Home Restaurant: Best and Worst of a Worthy Fixer Upper

Like Hearth, the name Home is lovely, simple and evocative, and so is much of the food on offer at the namesake restaurant on Cornelia Street. That said, front and back of house make enough avoidable errors to leave me hoping that a better restaurant can be built on this fixer upper’s attractive foundation. Below are the strongest and weakest features from a recent visit.

1) Intriguing East Coast Wine List: I thoroughly enjoyed the rosés from Shinn Vineyards during a recent trip to the North Fork, and enjoyed them again at lunch at the proprietors’ New York restaurant.  I’m still not completely sold on the Long Island wines that make up the bulk of Home’s list, especially the Cabernet Francs, but the whites I had were uniformly excellent. A non-LI Barboursville sauvignon blanc also confirmed the good things I’ve heard about Virginia wines and made me wonder if I’ll be seeing more of them soon.  Markup was a standard double of retail, a relative bargain in the City and sufficient encouragement to take more risks on subsequent visits. 

2) Surprise Patio in Back: This little seating area is one of the secret spots that you come to treasure in an open space-deprived city. I had no idea it awaited me at the front door and never would have thought to ask, except the restaurant was empty enough to encourage exploring. Nothing wrong with cozy rustic indoor seating, but out back is the place to be in the dog days of July and August.

3) Butterscotch Pudding a Homely Delight: Dessert saved the day as it so often can. Butterscotch pudding was rich but not gratuitously so and deeply flavored. Texture was on the right side of unctuous—close but not too close to grade school Cysco pudding. N.B. Avoid the burned popcorn espresso as a closer and you’ll go home without a bitter taste in your mouth.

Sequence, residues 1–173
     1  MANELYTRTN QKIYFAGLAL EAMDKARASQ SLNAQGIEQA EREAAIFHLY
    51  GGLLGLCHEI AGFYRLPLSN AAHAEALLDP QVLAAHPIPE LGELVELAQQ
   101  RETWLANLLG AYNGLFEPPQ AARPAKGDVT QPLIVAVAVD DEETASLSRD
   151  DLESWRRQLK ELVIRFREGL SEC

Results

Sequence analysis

4) Pacing Problems: A bugaboo of crowded restaurants; a surprise in an empty one. We were the first to sit, the first to give an order and the first to be served.  Unfortunately, enthusiasm for the maiden order turned to heedless rushing as hot mains were fired too early and kept on too long. When a salad was sent back—wrong order—mac and cheese kept on cooking and cooking and cooking. Rubbery in the middle, paint crust texture on top, no good from start to finish. Unfortunately, tasted too close to Home-made, at least in my house.

5) Schwag Water Cress Salad: Like a cheap dime bag, it was lovely to look at, but stem heavy to a fault. Stuck between teeth but not to ribs. Well conceived, poorly executed. Garde-manger needs to step up. That said, cashews were a nice surprise and goat cheese did more than usual yeoman’s duty.

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4 Responses to “Home Restaurant: Best and Worst of a Worthy Fixer Upper”

  1. Food Fan Says:

    Anyone spent the night at Shinn Vineyards’ B&B? I’m curious as to how the food and hospitality compare.

  2. Larry G Says:

    Perhaps the distractions in the front and back of house at Home have to do with David Page and Barbara Shinn’s spending so much time building up their B&B at Shinn Vineyards on the North Fork. The latter is definitely worth considering for those thinking of staying in the area. Haven’t been to Home, so I’m only speculating as to whether it’s declined.

  3. Mary M Says:

    And you skipped Pearl Oyster Bar for this? I applaud your catholic interests, but there’s better food right next door.

  4. Mike M Says:

    Great post!

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